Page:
A survey of over 1,100 parents, teachers, and staff conducted in March found that trust and confidence in the school district has eroded this past year, a finding that came as no surprise to those in attendance at Wednesday night’s Board of Education meeting. The “Piedmont Pandemic Response” survey was designed to take the temperature of the school community and to use the findings as a baseline to measure progress as PUSD works to improve its communications after a tumultuous year of school closures and distance learning due to the pandemic.
Naomi Hunter, a communications consultant hired by the board in January to assist the superintendent and to administer the survey, presented key data findings and an overview of the 2,700 open-ended comments the survey generated.
She told the board what struck her most about the results was not that the community was polarized into two distinct camps, but rather that the responses reflected a wide range of trust issues. She also said many respondents expressed a desire to heal and rebuild trust and she recommended steps the district could take to improve.
Her key findings were:
- Communication needs to be better coordinated, more consolidated, and more concise.
- The pandemic has taken a toll on trust in the district; many respondents expressed disappointment, anger, and frustration
- Levels of trust are evenly distributed along a spectrum, rather than divided
- Stakeholders trust the district to take care of other’s interests more than their own
- Parents and staff seek more opportunities for engagement, sharing their opinions and participating in decision making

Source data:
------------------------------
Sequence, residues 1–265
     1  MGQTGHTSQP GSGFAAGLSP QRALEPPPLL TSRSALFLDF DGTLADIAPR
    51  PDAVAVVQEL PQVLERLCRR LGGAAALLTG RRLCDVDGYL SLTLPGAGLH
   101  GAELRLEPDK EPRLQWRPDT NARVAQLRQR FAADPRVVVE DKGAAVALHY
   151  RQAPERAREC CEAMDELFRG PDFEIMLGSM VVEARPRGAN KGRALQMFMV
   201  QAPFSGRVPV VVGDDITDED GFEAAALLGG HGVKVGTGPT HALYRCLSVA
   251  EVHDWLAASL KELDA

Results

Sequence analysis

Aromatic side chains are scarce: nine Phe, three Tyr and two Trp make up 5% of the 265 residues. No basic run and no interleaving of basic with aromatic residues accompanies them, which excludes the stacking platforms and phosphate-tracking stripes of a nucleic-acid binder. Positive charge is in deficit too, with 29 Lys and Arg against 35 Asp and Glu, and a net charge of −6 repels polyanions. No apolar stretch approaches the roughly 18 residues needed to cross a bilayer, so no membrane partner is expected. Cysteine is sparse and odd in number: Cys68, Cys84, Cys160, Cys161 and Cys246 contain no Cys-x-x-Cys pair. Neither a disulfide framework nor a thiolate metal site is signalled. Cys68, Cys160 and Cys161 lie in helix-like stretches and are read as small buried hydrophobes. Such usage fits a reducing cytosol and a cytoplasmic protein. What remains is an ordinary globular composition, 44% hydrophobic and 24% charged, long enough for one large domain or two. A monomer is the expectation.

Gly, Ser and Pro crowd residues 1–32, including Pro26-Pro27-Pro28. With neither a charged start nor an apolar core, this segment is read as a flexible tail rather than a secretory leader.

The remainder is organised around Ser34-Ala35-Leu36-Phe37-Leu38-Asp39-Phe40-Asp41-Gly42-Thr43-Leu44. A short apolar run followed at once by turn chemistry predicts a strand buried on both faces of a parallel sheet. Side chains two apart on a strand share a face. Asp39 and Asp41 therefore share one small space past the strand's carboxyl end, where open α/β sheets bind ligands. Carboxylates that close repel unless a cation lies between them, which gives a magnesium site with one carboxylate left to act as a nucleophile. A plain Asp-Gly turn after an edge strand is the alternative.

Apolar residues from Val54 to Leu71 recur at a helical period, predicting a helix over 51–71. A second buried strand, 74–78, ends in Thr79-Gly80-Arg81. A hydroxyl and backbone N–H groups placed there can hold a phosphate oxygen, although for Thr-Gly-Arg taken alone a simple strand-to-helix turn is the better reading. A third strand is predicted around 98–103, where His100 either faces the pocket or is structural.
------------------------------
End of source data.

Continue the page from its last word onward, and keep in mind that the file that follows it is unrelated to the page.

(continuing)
- Parents, teachers, and staff long to heal and rebuild trust; it is widely recognized that the pandemic took a severe toll on the culture of the district.
Parents represented the majority of respondents (972) followed by teachers (102), non-teaching staff (58), community members (20), and administrators (7). Results were anonymized but respondents were asked to identify their role in the community.
According to the survey results, more than half of respondents said their trust in PUSD had declined over the past year. “This is an important barometer,” said Board President Cory Smegal. “Setting this as a baseline and recognizing where we stand. Strengthening our communications is key.”
Hunter noted common themes that emerged after sifting through the comments. They were:
- Disappointment in past decisions and how they were conveyed
- Stakeholders trust the district to take care of other’s interests more than their interests. This sentiment is most apparent in a graph that shows parents overwhelmingly believe PUSD puts the needs of teachers and staff above students:
- Lack of transparency around negotiations
- A sense that the loudest voices prevail and get heard
- Appreciation for the survey
“Too much and not enough.”